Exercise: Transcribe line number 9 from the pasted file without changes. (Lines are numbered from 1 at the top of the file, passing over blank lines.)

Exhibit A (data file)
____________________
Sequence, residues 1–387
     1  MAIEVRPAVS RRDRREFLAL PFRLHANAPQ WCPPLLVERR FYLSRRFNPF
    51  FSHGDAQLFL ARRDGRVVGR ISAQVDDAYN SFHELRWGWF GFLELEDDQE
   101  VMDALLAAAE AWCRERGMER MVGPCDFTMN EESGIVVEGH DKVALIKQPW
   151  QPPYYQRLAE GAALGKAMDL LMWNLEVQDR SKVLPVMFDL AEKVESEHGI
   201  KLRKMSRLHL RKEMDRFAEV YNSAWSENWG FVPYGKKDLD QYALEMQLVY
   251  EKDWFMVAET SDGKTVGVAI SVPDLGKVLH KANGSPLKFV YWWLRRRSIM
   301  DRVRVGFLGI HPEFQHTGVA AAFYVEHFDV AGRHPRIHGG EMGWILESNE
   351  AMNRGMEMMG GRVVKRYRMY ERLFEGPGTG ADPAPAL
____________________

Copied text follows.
   351  AMNRGMEMMG GRVVKRYRMY ERLFEGPGTG ADPAPAL